Barry Schwabsky is an American poet and art critic living in London. His publications include Opera: Poems 1981-2002 (Meritage Press), Vitamin P: New Perspectives in Painting (Phaidon Press), and The Widening Circle: Consequences of Modernism in Contemporary Art (Cambridge University Press), as well as contributions to books and catalogues on artists ranging from Henri Matisse and Alighiero Boetti to Jessica Stockholder and Gillian Wearing. He runs the poetry series at Parasol Unit in London. I met Schwabsky last year. When he told me his wife was a banker, I asked him so many questions about economics, we never got around to poetry. I'm making up for that with this conversation:
Linh Dinh: Contemporary American and British poetries don’t overlap much. In the journals of each country, different poets, minor and major, appear. In England, J. H. Prynne is considered a central figure, but he’s barely known in America. Conversely, when I mentioned Michael Palmer to my British friends, many of them didn’t know who he was. Their familiarity with new American poetry ended with John Ashbery and Ron Silliman’s blog, not his poetry. What is your take on this division?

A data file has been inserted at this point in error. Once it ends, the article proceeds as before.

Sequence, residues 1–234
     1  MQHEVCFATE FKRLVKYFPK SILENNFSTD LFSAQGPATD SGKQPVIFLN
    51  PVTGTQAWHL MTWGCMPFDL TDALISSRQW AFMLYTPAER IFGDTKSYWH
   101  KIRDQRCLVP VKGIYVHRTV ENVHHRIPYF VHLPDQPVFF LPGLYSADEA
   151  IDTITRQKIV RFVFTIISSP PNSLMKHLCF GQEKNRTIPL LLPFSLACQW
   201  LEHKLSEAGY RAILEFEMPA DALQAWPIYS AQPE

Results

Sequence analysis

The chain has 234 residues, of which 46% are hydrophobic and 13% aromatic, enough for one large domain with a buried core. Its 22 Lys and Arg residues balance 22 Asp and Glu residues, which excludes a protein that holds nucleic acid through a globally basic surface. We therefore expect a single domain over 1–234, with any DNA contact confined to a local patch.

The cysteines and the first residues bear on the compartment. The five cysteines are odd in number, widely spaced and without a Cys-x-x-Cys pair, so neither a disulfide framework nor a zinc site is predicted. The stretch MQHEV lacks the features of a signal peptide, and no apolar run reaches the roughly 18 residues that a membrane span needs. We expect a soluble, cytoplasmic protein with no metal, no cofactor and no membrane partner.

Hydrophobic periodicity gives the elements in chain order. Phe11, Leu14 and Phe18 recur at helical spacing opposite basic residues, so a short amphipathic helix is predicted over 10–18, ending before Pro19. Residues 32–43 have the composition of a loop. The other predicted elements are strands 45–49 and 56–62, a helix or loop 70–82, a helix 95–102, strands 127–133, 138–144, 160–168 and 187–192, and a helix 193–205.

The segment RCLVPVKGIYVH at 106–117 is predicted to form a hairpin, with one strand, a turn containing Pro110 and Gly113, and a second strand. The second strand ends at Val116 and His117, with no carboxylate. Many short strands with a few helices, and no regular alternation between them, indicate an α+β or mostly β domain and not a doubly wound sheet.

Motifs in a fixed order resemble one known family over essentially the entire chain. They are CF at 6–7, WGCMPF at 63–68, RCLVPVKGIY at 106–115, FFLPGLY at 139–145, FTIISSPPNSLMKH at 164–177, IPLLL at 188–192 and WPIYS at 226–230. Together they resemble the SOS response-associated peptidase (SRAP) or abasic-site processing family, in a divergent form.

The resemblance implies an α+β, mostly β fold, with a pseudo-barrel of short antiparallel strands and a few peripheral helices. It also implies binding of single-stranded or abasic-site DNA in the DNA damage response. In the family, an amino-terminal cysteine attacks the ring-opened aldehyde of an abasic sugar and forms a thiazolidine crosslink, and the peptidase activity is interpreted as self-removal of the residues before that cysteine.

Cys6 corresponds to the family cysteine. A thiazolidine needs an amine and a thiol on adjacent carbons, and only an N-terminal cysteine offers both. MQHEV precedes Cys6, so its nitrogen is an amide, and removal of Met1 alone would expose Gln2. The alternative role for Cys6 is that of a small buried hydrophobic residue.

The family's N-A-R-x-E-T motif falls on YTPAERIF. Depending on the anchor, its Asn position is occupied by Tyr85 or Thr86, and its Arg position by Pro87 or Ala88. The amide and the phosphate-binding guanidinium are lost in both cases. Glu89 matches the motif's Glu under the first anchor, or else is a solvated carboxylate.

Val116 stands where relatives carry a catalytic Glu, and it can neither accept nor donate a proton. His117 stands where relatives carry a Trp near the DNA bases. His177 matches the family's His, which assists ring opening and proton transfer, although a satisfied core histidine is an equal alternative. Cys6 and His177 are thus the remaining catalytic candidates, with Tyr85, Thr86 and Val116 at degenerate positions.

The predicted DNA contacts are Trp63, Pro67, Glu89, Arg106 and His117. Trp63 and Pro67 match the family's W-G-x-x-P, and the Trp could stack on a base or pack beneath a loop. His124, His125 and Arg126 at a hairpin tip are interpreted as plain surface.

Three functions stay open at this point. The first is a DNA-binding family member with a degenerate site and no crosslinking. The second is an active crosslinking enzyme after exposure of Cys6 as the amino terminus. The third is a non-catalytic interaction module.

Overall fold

Barry Schwabsky: Yours is an exaggeration based on the truth. My sense of things is that in the '60s and '70s--when people like Tom Raworth and Lee Harwood were emerging poets in the UK--there was a more organic connection between American and British poetries. After that, the so-called mainstream of British poetry became much more conservative, and the poets who represented the "modernist" wing became marginalized. If you look in the poetry section of a good, non-specialized bookstore in London, you'll find very few contemporary American poets and very few contemporary-sounding British poets. What you will find is a lot of poetry that more or less sounds like the Georgian verse that was supposed to have died in the trenches of World War I, only updated in terms of subject matter, so that if it's a male poet he might talk about football (i.e., soccer) or if it's a woman poet she might mention changing nappies (i.e., diapers). But in form, it all seems a century old. So the innovative poets who persist--and there are some very good ones--may be more interested in mutual support at home than looking for alliances across the ocean.